During the sixties and seventies, we became aware of the growing threat of pollution, and in 1970 we created the Environmental Protection Agency. At the time some claimed that, despite the EPA, economic progress would bring in its wake more and more pollution. But advances in science and technology, born out of our system of free enterprise, combined with the work of the EPA to prove just the opposite.

There has been a 60-percent increase in coal-fired electric generation capacity during the last 14 years. Yet powerplant sulfur emissions today are lower than they were in 1970. During the decade of '70 to 1980, the number of miles traveled by cars and trucks on our highways increased by nearly 40 percent. Yet, at the same time, total pollution from those cars and trucks actually dropped by almost 20 percent. Over the same period, we've seen dramatic improvement in the quality of surface water throughout the country. Today salmon and trout are returning to rivers and streams where they haven't been seen for generations.

America has built a proud record of achievement in protecting her natural heritage over the past three-quarters of a century. At the same time that our population was growing by leaps and bounds and we were building the most productive economy on Earth, we were protecting our lands and wildlife and working successfully to keep our air and water clean.

Sadly, though, in recent years our environmental efforts began to lose some of their energy and direction. Indeed, by the time our administration came into office, the Federal Government had become somewhat negligent in its care of our natural heritage. Our parks have suffered funding declines for maintenance and were in disrepair. At Yellowstone National Park alone there were health and safety hazards that would require millions of dollars to correct.

America's wetlands were in grave danger of disappearing. State plans to combat pollution had been allowed to pile up in an enormous backlog. And the vital task of preserving endangered species had been neglected, because the Government had failed to complete the necessary recovery plans -- even though those plans had long ago been mandated by the Congress.

Well, a few years ago we were faced with the worst economic crisis since the Great Depression and a weak and vacillating foreign policy that had lost the respect of friend and foe alike. Yet, even while we moved to address these twin crises, we were determined to move quickly and effectively to deal with the Federal Government's lagging efforts to protect our environment.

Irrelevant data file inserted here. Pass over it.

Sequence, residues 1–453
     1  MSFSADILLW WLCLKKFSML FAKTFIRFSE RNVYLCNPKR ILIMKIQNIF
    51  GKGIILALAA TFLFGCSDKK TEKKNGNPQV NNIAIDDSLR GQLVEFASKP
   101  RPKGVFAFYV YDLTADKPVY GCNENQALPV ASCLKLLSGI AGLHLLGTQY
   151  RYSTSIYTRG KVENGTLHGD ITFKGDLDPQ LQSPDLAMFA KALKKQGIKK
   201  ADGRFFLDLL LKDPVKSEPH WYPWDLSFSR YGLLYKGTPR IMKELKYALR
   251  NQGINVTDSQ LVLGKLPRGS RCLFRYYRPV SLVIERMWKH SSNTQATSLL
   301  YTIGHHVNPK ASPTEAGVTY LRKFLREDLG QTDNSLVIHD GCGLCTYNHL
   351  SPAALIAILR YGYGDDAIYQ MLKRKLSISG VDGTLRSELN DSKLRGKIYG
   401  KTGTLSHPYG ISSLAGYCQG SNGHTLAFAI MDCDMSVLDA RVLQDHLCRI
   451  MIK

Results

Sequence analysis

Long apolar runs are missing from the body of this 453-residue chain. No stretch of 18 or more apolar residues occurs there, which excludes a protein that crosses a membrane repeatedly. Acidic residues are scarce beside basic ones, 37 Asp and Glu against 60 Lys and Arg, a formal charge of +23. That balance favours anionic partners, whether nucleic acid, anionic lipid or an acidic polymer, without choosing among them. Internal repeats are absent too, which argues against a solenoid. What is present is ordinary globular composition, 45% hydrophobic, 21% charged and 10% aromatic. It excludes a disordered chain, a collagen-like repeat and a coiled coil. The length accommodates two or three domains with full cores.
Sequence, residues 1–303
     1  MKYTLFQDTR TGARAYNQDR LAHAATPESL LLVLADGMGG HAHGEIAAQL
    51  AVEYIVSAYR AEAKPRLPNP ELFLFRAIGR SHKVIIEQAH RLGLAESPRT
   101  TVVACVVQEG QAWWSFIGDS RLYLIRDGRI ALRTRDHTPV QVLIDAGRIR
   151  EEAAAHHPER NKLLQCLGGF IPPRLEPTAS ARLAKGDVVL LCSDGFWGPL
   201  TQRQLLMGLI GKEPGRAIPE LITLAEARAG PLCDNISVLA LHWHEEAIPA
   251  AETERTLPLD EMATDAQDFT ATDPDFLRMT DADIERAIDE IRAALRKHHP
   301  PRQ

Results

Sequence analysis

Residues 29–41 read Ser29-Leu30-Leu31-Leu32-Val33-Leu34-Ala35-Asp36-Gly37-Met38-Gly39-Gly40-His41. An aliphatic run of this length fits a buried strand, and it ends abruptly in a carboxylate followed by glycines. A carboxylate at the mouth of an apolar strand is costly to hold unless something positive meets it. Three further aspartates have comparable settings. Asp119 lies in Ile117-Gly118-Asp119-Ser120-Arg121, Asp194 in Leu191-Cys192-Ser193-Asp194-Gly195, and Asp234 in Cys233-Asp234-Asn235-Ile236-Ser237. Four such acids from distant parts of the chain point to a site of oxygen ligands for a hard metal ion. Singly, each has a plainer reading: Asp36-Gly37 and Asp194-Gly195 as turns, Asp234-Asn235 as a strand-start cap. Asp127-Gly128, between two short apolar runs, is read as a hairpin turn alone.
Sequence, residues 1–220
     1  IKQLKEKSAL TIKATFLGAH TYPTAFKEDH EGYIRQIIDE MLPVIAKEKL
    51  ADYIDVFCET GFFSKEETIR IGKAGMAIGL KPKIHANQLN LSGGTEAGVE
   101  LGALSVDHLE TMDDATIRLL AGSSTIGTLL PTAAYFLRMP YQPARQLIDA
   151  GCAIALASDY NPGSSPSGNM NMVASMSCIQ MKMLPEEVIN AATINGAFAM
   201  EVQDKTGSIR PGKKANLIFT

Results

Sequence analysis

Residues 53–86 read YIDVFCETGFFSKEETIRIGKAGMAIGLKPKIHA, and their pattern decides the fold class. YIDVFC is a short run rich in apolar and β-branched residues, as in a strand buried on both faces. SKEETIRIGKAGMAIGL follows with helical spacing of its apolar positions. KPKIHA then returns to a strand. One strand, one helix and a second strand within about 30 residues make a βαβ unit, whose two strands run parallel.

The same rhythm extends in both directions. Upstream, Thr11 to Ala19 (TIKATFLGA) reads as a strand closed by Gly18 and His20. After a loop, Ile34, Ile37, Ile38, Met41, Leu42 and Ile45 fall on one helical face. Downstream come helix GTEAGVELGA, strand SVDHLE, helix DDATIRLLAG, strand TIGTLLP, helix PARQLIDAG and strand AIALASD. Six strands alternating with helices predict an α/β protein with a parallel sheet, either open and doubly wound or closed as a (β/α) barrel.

One of our most important efforts has involved hazardous wastes. Where wastes were mismanaged in the past, we've moved aggressively under the Superfund program. By the end of this year, the Environmental Protection Agency expects to have undertaken more than 400 actions to address contamination threats. At hundreds of other national priority sites, long-term work is underway to remove wastes and eliminate contamination of valuable land and groundwater. And as I told the Congress in that State of the Union Address, I'm committed to seeking an extension of that Superfund law. Negligent handling of toxic wastes threatens the health of thousands of Americans. And I pledge to you that your government will take all the necessary steps to protect the American people against the menace of hazardous wastes.

To combat water pollution, our administration has established more stringent standards for 19 critical industries. To deal with the threat of lead poisoning, we've issued regulations that sharply reduce the amount of lead in gasoline. In controlling pesticides, we're handling more reviews of new chemicals, and we've moved against the dangerous pesticide EDB, ethylene dibromide.

And as a first practical step to deal with acid rain, our administration is conducting extensive research. Now, some have suggested that, oh, this is just government studying something to death. No, it isn't. The more we've learned, the more we've realized how little we know about the problem that is causing some of our lakes to die and some of our forests to be affected. And so, during the coming year, we plan to spend $127 million on further research, so that before we turn loose recommendations as to what must be done about it, we'll know really what we're talking about; and we won't be wasting your tax money or that of business and industry which would increase the prices for things that you buy. As this research produces answers, we're going to put that information to work. And we'll keep working until we provide reliable protection for all our natural resources.